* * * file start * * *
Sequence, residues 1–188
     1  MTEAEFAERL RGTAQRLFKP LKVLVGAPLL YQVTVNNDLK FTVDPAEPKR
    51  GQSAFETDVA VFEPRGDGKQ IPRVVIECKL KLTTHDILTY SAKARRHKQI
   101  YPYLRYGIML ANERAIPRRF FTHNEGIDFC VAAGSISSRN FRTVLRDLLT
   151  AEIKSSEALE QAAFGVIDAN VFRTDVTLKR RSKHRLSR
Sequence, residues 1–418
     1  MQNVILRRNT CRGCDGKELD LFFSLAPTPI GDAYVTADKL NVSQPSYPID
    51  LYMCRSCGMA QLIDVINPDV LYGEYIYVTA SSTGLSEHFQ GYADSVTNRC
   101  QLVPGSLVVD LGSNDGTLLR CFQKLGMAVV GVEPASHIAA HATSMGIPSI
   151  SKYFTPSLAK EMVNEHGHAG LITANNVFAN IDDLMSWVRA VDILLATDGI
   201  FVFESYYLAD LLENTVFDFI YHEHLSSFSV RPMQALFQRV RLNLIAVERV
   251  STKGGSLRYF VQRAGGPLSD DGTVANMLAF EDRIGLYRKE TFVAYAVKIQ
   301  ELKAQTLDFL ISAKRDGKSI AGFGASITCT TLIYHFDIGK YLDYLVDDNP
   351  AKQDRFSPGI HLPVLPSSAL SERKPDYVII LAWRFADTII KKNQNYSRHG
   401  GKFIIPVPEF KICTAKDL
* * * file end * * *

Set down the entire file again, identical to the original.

Sequence, residues 1–188
     1  MTEAEFAERL RGTAQRLFKP LKVLVGAPLL YQVTVNNDLK FTVDPAEPKR
    51  GQSAFETDVA VFEPRGDGKQ IPRVVIECKL KLTTHDILTY SAKARRHKQI
   101  YPYLRYGIML ANERAIPRRF FTHNEGIDFC VAAGSISSRN FRTVLRDLLT
   151  AEIKSSEALE QAAFGVIDAN VFRTDVTLKR RSKHRLSR
Sequence, residues 1–418
     1  MQNVILRRNT CRGCDGKELD LFFSLAPTPI GDAYVTADKL NVSQPSYPID
    51  LYMCRSCGMA QLIDVINPDV LYGEYIYVTA SSTGLSEHFQ GYADSVTNRC
   101  QLVPGSLVVD LGSNDGTLLR CFQKLGMAVV GVEPASHIAA HATSMGIPSI
   151  SKYFTPSLAK EMVNEHGHAG LITANNVFAN IDDLMSWVRA VDILLATDGI
   201  FVFESYYLAD LLENTVFDFI YHEHLSSFSV RPMQALFQRV RLNLIAVERV
   251  STKGGSLRYF VQRAGGPLSD DGTVANMLAF EDRIGLYRKE TFVAYAVKIQ
   301  ELKAQTLDFL ISAKRDGKSI AGFGASITCT TLIYHFDIGK YLDYLVDDNP
   351  AKQDRFSPGI HLPVLPSSAL SERKPDYVII LAWRFADTII KKNQNYSRHG
   401  GKFIIPVPEF KICTAKDL